Culture & Competency

Misuse of Productivity Technology

Thanks to the Ipswitch blog, I came across this research by the NTL Telewest Business division:

A new study from NTL: Telewest shows that misuse of office technology adds almost two hours to the average British working day. About 100 minutes a day are wasted from incompetent, careless or inefficient use of technology. The study shows that e-mail, voicemail and the Internet are far from being tools to improve worker productivity, actually distracting workers more than easing job functions.

Lost time was pegged as follows (emphasis added):

  • Travel not including to and from work: 14 minutes
  • Chasing responses to urgent emails: 42 minutes
  • Responding to voicemails or managing phone calls: 27 minutes
  • Trying to locate colleagues: 12 minutes
  • Meetings that are unnecessarily long: 12 minutes
  • Asking others for files or documents (e.g. version control): 9 minutes
  • Scheduling and rescheduling meetings: 8 minutes
  • Conference calls that could be far shorter: 6 minutes

Here’s my thoughts on two of the examples of misuse that are cited in the study. Firstly, “lost time waiting for an answer to an important email”. The implication is that if it’s urgent and you need an answer “now”, don’t send an email. Call the person, or find someone else who can help.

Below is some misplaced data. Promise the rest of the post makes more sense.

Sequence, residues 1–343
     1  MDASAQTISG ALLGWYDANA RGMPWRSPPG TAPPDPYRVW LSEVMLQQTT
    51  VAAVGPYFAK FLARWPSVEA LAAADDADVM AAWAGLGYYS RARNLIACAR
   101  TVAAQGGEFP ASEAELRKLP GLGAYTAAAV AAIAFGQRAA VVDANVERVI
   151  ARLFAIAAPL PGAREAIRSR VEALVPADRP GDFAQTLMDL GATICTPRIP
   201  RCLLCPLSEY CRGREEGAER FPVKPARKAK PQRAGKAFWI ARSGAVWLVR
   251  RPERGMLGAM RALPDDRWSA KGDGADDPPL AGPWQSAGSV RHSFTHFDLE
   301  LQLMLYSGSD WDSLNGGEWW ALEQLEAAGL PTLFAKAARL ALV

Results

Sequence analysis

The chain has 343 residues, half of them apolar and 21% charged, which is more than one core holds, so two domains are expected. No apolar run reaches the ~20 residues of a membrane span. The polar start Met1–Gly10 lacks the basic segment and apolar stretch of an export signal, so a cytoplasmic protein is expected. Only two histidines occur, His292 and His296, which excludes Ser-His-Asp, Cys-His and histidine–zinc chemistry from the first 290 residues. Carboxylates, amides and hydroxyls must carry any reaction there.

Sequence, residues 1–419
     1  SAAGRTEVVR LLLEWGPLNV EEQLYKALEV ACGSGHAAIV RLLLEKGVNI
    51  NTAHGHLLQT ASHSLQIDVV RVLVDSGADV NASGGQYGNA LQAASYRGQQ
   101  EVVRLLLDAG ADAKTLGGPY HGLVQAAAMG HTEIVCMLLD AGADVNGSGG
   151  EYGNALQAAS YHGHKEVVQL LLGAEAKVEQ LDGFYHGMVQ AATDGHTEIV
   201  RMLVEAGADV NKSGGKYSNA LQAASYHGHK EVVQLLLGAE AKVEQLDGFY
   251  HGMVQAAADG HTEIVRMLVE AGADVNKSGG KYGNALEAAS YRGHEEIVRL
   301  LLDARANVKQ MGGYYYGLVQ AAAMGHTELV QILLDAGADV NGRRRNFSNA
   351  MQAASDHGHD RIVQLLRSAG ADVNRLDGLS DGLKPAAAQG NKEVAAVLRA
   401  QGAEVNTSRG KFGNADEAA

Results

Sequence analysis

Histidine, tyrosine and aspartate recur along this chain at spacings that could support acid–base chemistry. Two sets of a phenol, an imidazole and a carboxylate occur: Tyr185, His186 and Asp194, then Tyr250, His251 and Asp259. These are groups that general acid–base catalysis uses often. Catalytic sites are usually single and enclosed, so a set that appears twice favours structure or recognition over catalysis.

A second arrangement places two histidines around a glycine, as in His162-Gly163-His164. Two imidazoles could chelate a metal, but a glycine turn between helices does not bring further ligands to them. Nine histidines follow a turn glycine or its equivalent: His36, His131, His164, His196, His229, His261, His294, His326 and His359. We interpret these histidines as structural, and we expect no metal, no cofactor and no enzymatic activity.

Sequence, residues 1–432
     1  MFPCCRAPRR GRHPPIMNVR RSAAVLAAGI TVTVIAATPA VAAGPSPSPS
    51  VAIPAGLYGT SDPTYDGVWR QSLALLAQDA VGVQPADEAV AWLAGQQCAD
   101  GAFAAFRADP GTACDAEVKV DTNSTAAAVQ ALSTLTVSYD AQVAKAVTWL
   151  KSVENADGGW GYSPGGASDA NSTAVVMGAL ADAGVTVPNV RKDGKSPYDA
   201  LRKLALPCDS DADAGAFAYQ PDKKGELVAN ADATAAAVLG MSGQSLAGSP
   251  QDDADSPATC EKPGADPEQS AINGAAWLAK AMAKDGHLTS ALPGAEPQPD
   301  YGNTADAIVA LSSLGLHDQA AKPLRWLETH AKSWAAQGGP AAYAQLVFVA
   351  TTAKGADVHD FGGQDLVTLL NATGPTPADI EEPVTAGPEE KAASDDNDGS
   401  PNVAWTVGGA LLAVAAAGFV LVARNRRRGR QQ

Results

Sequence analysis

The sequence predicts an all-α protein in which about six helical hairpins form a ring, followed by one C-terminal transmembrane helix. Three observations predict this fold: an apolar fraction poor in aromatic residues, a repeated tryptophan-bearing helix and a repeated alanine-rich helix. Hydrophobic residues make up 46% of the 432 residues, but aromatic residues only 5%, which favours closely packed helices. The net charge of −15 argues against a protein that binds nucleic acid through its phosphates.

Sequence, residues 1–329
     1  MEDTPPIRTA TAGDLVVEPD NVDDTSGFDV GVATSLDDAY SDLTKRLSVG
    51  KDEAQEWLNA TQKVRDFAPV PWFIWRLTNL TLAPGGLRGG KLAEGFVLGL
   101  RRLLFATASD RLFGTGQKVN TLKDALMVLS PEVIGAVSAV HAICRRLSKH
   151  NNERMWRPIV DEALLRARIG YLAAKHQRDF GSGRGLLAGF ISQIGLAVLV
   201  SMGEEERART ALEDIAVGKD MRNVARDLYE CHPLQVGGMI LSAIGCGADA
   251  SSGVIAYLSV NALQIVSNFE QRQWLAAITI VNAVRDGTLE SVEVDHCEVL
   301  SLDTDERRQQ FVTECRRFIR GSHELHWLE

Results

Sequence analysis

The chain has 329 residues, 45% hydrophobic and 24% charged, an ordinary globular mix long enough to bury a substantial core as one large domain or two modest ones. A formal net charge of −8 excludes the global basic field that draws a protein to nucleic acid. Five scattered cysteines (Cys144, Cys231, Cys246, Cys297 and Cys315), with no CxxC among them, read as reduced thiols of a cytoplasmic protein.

Secondly, “overreliance on voicemail for returning or making calls”. The implication, again, is that if an urgent response or reaction is needed, don’t use voicemail. Find someone who can help right now, so you can gain that last vital piece of information and drive closure on your current tasks. Additionally, if there is specific information that you need from someone on an ongoing basis, make it a standard part of your day to catch up with that person at a specific time. Within a team situation, hold a 15 minute stand-up meeting at 9am every day so everyone knows what everyone else is working on.

I think that the conclusion in the study doesn’t follow logically from the findings … the correct conclusion is “if you make competent, careful and efficient use of technology, you will improve worker productivity”, not that the technology will make you less productive regardless of how you use it.

As a final observation on the research write-up, it is unclear whether some of the time was lost due to recreational/social use of the technology, or if it was all due to ineffective behaviors in making use of it within the context of real work. I’d like to see the researchers be more clear in their explanations on this one.

Source: NTL, Ipswitch Blog, MSP Alliance
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Categories: Culture & Competency